Over the course of 15 years at Nintendo of America,  Reggie Fils-Aime rose from vice president of marketing for a giant in decline to president of a company back at the forefront of gaming—all the while endearing himself to millions of fans with his exuberant personality and obvious passion. Retiring in early 2019, Fils-Aimé embarked on a select series of public speaking engagements to engage the next generation of gamechangers, including stops at University of California, Cornell University and the Ringling College of Art and Design 2019 Commencement, where his own daughter earned a degree in illustration. With the game on pause, SRQ picked up a controller to go head-to-head on non-linear progress, a fear of public speaking and the future of gaming.

What is the through-line in these student addresses?  Fils-Aimé:  I’m constantly reinforcing to young people that life is not linear, and you have to constantly be thinking about alternatives in order to progress forward. You have to have a sense of curiosity. Always being open to alternatives, always thinking about the “what if” scenario is tremendously important. 

How do you train yourself to spot those opportunities?  There needs to be thoughtful introspection—how you view the landscape, how you view your own strengths and weaknesses, and how you can best position yourself to be effective in the marketplace. Nintendo is over 130 years old. It started making Japanese playing cards called hanafuda cards. Its orientation from its beginning was about fun and entertainment. Oftentimes the company refers to itself as a toy company, because it has that mentality of creating unique forms of entertainment. As you know yourself and what you do well, it drives a thought process on how you can continue to build on your strengths.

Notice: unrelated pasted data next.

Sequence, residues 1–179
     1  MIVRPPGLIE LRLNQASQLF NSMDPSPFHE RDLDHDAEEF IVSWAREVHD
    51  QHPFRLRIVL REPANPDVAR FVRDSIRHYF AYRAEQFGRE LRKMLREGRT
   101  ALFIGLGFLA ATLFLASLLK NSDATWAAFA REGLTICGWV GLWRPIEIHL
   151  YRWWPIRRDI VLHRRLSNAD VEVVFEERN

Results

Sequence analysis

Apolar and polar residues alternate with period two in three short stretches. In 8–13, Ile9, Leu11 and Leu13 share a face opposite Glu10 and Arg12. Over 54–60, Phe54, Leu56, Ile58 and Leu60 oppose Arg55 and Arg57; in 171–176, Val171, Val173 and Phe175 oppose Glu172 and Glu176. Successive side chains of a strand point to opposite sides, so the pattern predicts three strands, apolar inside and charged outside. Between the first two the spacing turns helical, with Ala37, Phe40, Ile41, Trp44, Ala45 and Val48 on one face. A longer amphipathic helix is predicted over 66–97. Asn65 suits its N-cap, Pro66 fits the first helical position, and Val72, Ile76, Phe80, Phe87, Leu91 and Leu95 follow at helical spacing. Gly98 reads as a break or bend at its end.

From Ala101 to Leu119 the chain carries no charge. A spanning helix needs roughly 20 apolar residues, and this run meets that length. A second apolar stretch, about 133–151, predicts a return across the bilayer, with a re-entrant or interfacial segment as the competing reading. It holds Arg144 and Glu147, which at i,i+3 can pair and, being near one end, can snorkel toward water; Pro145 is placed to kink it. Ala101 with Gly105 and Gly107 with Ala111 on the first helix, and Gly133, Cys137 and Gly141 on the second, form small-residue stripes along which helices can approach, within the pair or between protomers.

When did you have to face your fear to make that pivot?    I used to be deathly afraid of public speaking. When I started my career at Procter & Gamble, I was right out of undergrad, and I was working alongside people who were five to 10 years older than I, doing exactly the same work. I tended to be quiet, to hunker down in taking my notes and collecting my thoughts. And I was challenged. “Reggie, you’ve got to be a little bit more out in front. You’ve got to speak more.”

What did you do?  I took some classes. I challenged myself to be put in situations where I would have to be that person out in front and to do more public speaking. It was through that learning, that discovery, that I turned public speaking into an asset. The ability to give press conferences, the ability to off-the-cuff play video games with Jimmy Fallon. It’s something that I’ve enjoyed. It really is being conscious about your own fears—your own areas of opportunity—and challenging yourself to make progress on them.

When did you know you’d mastered that fear?  I was making a presentation in Europe and the teleprompter died. I had a thousand people in the audience and I needed to keep going. I had rehearsed the speech. I knew the content. I essentially plowed forward. Eventually the teleprompter caught up.

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While Sony and Microsoft competed to make the most photorealistic games possible, Nintendo did not seem to make that the priority. Is there an underlying principle or lesson that people can learn from that decision?   Absolutely. Nintendo’s philosophy was always that the content is what motivates the consumer. And in the end, the content needs to be fun, the content needs to be compelling, and the content needs to be differentiated. In the video game space, more visual power and more processing power isn’t differentiated. Having prettier pictures by itself is not going to create compelling content. So Nintendo’s philosophy was always, “How do we make it fun? How do we make it more interesting?”